All About The F1 DRS System

If you want to learn everything there is about the DRS system you are in the right place. Let’s go!

What is the F1 DRS system ?

DRS stands for Drag Reduction System. It is a moving part on the rear wing of F1 cars. When the DRS is activated, the flap (moving part) rotates and diminishes the air influx on the rear wing. This reduces the aerodynamic drag but increases the speed up to 10-12 km/h (6-7 mp/h). The rotating flap is shown in the picture below. The aim of this system is to provoke more overtaking in F1 races and to make F1 more spectacular.

The activation of the DRS system is subject to strict rules :

  • The pursuing car must be less than on second away from the pursued car when the detection point is crossed. It can be used both for gaining a place or lapping an opponent.
  • A certain number of lap must be made before activating DRS. The number changes for each race.
  • The car needs to be in the DRS zone. Maps showing each DRS zones for each Grand Prix will be shown later. Usually, there are 2-3 DRS zones per race track.

There are other rules but more on that later. This system has been introduced in F1 in 2011 and since then to other racing competition. It has made overtaking more frequent and harder to defend for pursued cars that can’t use the system unless they are within one second of the car in front of them. Notable point: when DRS was introduced in 2011 the number of overtakes doubled compared to the previous season and went from 450 to 820.

Now let’s go more in detail. The DRS seems simple from afar and we seem to have covered a lot of ground already but it is actually a really complicated system.

Tightening The Rules

Since the number of overtakes has increased the FIA tightened the rules on the use of DRS. There are more restrictions for its use:

  • The system may not be used in the first 2 laps of a race or after a safety car deployment.
  • The system cannot be used by a defending driver unless within one second of the car immediately preceding it.
  • The system may not be authorized if race conditions are judged to be dangerous by the race directors.

On The Technical Side

How the DRS is really working you ask? We’ve got the answer!

The DRS is activated with a button present on the steering wheel. You can see that on our amazing homemade Formula Racing Passion steering wheel :

Once the driver pushes the button, a jack activates the upper flap of the wing in order to make it horizontal. According to Jody Eggerton, technical director of Torro Rosso, when the DRS is deactivated the pressure of the wind makes it go back to its original position. The system is specifically designed to be this way in case of a hydraulic failure that will keep the flap from returning to its original position. A system can fail but the wind just can’t.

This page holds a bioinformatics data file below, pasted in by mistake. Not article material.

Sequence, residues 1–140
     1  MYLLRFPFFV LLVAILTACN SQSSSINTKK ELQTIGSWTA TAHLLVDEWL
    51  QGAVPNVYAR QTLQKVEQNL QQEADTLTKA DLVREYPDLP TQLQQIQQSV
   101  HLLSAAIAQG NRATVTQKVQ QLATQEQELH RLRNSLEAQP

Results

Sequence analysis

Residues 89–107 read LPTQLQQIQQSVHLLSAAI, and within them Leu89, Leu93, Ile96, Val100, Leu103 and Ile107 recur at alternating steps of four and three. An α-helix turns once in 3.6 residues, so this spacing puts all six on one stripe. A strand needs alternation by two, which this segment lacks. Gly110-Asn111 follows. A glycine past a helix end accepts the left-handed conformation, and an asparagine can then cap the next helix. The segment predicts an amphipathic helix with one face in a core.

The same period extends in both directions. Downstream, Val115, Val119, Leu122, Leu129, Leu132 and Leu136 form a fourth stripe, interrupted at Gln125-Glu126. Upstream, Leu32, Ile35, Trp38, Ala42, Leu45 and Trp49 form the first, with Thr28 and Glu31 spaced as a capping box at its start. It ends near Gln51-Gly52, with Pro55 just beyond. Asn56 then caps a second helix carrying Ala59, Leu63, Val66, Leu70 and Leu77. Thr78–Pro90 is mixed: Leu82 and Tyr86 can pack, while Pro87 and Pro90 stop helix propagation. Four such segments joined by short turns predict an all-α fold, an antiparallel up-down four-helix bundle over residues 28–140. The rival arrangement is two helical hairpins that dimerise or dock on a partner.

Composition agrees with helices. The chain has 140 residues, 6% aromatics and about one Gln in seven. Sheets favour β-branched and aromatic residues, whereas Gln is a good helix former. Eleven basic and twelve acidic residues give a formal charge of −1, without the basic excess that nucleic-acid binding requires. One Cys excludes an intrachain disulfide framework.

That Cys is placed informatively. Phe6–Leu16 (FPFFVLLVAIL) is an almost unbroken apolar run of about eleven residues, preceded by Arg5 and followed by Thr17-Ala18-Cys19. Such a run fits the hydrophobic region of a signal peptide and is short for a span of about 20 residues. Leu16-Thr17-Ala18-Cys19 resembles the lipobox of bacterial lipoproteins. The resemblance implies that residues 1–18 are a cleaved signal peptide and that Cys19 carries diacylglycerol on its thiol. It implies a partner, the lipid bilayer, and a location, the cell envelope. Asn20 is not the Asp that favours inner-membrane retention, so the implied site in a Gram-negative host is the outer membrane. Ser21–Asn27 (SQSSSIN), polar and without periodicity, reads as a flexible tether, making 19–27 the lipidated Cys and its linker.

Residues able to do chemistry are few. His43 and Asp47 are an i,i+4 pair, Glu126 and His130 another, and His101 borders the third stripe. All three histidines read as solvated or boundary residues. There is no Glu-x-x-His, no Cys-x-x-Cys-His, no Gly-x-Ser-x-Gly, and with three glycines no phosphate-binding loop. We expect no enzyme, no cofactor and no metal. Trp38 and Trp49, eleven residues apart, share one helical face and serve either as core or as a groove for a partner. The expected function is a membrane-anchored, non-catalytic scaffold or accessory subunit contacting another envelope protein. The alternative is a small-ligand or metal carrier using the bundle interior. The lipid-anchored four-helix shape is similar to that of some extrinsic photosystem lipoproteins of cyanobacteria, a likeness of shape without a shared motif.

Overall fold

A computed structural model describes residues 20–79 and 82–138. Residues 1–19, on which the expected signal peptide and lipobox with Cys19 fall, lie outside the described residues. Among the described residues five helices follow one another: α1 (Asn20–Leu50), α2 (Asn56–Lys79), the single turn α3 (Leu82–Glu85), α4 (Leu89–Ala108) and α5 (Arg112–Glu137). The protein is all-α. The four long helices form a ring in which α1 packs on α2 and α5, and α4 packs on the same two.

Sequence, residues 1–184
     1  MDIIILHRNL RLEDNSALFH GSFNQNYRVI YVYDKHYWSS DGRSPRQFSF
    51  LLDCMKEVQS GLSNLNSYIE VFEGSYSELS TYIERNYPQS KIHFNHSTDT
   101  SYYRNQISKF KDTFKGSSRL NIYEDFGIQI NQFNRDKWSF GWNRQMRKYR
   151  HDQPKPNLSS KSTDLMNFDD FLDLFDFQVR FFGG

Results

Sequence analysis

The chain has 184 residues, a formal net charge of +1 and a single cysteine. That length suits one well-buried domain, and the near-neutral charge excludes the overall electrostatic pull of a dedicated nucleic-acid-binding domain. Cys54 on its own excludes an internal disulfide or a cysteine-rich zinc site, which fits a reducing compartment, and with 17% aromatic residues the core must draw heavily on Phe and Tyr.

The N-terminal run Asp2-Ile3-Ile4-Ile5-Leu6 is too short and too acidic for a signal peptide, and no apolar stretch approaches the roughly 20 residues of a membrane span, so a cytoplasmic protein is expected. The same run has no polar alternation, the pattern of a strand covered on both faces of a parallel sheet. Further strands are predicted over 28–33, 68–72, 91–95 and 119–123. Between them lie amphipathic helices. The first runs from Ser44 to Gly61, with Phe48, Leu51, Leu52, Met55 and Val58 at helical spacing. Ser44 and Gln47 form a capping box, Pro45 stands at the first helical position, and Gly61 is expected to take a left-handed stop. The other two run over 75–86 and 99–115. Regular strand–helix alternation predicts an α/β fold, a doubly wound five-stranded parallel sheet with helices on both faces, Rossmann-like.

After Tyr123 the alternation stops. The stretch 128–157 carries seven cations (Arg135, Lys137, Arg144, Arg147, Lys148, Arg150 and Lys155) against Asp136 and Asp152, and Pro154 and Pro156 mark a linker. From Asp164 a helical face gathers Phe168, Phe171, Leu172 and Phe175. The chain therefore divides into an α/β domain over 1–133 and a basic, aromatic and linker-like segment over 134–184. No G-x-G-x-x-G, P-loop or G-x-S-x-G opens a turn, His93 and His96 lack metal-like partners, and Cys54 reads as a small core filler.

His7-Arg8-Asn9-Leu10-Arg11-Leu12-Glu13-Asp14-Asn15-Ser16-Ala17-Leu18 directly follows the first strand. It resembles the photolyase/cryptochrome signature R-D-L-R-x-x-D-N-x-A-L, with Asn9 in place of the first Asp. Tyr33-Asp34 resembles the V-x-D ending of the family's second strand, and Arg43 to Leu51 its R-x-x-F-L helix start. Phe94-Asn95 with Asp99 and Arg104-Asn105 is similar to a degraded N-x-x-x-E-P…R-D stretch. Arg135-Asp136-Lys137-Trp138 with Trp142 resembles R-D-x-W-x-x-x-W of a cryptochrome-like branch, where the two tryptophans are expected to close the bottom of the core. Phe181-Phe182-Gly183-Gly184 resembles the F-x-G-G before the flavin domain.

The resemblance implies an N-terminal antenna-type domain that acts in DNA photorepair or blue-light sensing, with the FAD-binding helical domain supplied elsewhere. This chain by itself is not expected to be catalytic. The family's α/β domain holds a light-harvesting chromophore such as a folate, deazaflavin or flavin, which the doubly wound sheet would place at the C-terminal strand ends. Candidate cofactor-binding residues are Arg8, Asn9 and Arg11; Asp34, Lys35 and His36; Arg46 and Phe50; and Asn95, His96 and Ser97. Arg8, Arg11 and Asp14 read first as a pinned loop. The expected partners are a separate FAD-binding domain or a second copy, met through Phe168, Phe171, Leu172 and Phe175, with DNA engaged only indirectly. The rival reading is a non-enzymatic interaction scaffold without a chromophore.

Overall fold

This opening mechanism is linked to the hydraulic system of the car that also controls the gearbox, braking, differential, admission, etc. When the driver asks for the deactivation of the DRS, the hydraulic pressure inside the jack diminishes, the flap starts losing its horizontal position and the air pressure then finalizes the change of position of the flap to its original condition.

All F1 teams check the aerodynamic behaviour of the car when activating and deactivating the DRS system. They need to keep the car under control all the time.

Additional note: The DRS was initially set to have an opening of 6,5 cm. This was raised in 2018 to 8,5 cm. More opening means less aerodynamic drag which means more speed and more overtaking.

Where are the DRS zones?

Glad you asked :

  Grand Prix Number of DRS zones Approx DRS zones length Track diagram with DRS zones in blue
Australia 3 2 km
Bahrain 3 2,4 km
China 2 1,7 km
Azerbaijan 2 1,4 km
Spain 2 1,7 km
Monaco 1 0,4 km
Canada 3 2,1 km
France 2 2,1 km
Austria 3 2,8 km
Great Britain 2 1,5 km
Germany 3 2,2 km
Hungary 2 1,3 km
Belgium 2 1,6 km
Italy 2 1,8 km
Singapore 3 2 km
Russia 2 2 km
Japan 1 0,65 km
Mexico 3 2,2 km
USA 2 1,8 km
Brazil 2 1,4 km
Abu Dabi 2 2,1 km

Reviews and Reception

While some fans and drivers stated that the DRS could be a solution to the lack of overtaking in F1 over the past years some others have criticized the fact that it makes overtaking too easy.

Eddie Irvine, the former F1 driver, stated that the F1 is a mess with all of the new gadgets that have been put in place. Juan Pablo Montoya, also a former F1 driver stated that: “It is like giving Picasso Photoshop”. Sebastian Vettel, 4 time World Champion, stated that: “He preferred throwing bananas ‘Mario Kart Style’ over the use of DRS”

To Conclude

The DRS is a system made of a moving part on the rear wing of f1 cars. It allows to reduce the aerodynamic drag in order to gain speed on certain portions of F1 circuits. The aim is to make the sport more spectacular with more overtakes. To this day, it is the only moving part on f1 cars.

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